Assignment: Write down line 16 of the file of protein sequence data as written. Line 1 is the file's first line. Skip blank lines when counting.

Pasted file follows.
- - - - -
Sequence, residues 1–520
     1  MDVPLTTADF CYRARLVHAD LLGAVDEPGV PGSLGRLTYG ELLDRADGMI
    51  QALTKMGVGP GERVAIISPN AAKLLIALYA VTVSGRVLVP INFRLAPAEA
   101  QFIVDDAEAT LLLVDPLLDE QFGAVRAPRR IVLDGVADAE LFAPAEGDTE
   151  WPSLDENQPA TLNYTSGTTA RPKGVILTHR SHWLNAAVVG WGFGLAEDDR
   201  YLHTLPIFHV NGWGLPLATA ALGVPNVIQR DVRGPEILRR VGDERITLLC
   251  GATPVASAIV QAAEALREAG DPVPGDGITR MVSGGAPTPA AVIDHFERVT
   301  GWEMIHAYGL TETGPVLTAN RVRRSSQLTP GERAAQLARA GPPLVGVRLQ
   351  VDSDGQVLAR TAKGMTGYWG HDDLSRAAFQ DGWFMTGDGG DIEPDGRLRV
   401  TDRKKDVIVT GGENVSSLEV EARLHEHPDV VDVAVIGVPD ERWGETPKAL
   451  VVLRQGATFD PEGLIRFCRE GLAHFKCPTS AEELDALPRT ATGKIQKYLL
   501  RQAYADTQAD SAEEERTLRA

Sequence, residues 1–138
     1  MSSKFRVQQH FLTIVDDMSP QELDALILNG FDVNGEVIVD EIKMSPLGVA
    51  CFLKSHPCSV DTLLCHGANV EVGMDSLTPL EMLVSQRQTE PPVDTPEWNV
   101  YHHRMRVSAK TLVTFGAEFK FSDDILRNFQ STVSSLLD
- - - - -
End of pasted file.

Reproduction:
   101  YHHRMRVSAK TLVTFGAEFK FSDDILRNFQ STVSSLLD